Eventually you will settle in and find a new rhythm. You may always miss things about where you were before, but you will have worked out ways to meet your needs and be okay with that.

Warning: Be careful what you say to your children

Be careful of what you say in your children’s hearing when you reach that sad/comparison stage. I have seen many children who were managing the move relatively well but then had to listen to one or both parents express how much they hated living in the new location.

Remember, when you reach the sad stage, so will your children. Research has shown that children will cope better with change when their parents are coping. So it is important that you give your children the security of feeling safe because you are managing this.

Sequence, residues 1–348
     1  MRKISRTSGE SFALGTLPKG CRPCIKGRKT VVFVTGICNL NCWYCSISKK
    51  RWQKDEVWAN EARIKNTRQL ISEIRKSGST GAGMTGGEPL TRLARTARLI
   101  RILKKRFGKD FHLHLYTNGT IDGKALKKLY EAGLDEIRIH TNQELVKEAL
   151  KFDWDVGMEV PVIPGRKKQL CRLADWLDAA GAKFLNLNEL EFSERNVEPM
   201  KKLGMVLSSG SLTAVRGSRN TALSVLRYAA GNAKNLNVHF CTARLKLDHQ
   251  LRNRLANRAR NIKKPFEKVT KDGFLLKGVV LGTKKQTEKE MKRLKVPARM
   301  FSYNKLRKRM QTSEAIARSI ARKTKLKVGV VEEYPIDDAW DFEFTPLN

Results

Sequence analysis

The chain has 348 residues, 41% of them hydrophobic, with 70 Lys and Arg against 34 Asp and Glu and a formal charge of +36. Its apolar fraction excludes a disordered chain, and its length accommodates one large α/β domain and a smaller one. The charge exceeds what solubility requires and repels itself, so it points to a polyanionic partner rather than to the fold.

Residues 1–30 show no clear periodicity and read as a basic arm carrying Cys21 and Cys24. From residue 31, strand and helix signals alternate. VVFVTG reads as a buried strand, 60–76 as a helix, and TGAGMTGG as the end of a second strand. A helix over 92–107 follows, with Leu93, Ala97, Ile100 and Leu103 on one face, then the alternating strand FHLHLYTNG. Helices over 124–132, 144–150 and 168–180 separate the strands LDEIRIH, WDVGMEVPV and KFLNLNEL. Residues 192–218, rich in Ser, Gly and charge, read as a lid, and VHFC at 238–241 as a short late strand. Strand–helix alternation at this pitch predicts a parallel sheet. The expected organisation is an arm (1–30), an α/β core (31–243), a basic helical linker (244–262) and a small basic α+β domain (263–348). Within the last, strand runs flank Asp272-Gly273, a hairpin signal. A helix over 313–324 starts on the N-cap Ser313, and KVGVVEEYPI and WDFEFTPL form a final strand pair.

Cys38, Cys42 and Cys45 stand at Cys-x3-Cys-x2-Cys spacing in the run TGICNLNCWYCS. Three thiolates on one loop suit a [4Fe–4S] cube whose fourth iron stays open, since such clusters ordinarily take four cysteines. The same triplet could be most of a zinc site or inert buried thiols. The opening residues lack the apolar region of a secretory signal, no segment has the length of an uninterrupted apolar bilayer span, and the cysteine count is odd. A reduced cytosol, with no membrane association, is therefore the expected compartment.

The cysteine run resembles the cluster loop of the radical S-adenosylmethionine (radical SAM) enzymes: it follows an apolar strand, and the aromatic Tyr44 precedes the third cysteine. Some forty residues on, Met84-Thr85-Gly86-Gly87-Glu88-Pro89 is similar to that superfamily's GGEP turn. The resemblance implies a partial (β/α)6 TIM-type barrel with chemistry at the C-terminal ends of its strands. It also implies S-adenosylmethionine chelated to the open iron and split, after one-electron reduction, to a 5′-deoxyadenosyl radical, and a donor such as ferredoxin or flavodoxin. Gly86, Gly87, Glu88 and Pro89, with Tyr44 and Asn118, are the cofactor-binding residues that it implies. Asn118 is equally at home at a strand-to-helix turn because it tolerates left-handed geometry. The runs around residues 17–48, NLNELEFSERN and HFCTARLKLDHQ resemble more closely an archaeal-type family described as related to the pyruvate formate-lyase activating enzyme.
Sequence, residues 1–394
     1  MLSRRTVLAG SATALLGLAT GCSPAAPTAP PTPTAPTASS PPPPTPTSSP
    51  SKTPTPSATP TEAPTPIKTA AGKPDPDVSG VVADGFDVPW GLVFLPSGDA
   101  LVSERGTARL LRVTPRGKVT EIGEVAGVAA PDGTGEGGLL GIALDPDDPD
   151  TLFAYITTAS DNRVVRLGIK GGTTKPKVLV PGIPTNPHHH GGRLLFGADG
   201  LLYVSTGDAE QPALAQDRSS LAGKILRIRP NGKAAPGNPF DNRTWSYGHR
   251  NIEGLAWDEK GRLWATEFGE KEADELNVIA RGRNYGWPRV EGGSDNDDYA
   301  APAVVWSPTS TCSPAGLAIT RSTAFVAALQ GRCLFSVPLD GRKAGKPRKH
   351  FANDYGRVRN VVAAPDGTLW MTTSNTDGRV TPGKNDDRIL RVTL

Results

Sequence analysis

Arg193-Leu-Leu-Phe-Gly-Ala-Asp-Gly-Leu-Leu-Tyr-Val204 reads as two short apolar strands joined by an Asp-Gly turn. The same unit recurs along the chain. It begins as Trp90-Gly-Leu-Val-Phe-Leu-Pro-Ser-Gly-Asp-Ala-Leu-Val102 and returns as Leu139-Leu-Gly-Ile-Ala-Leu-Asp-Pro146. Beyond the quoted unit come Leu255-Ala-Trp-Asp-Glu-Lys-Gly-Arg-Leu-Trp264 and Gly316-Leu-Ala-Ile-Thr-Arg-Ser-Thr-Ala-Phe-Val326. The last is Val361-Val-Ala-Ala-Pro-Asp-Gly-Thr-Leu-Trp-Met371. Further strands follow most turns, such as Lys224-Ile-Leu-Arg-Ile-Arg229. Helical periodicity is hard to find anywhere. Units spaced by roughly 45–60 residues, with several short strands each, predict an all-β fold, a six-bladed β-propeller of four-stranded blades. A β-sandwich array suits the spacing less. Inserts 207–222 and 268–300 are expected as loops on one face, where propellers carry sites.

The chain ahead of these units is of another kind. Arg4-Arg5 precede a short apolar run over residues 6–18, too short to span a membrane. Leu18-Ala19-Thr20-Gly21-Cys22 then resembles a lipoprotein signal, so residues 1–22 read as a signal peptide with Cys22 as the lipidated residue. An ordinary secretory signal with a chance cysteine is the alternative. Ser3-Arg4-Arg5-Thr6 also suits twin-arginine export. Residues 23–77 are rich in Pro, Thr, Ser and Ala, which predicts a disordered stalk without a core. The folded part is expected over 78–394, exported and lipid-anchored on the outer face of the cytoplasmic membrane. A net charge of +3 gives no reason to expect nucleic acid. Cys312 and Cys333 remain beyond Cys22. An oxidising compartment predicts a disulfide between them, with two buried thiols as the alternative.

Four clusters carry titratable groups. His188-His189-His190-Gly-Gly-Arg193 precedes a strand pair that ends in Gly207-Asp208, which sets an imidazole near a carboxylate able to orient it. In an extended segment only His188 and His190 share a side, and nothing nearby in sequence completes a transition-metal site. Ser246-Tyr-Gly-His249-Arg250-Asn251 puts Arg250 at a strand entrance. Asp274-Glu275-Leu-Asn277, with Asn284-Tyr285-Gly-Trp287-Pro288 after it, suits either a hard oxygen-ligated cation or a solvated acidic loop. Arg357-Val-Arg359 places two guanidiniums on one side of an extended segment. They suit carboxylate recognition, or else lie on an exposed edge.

You can do this by resisting the temptation to criticise and express the wish to return to your old location. Instead be honest about the fact you weren’t able to do something or you missed someone but also instil hope in that statement. Maybe you can say that it is hard to find everything in a new location but you will work it out.

Being open about your difficulties gives your children permission to be more open about their own.

Take time to sit and listen to your children

Stopping to talk to each one of your children about how they are managing is also important.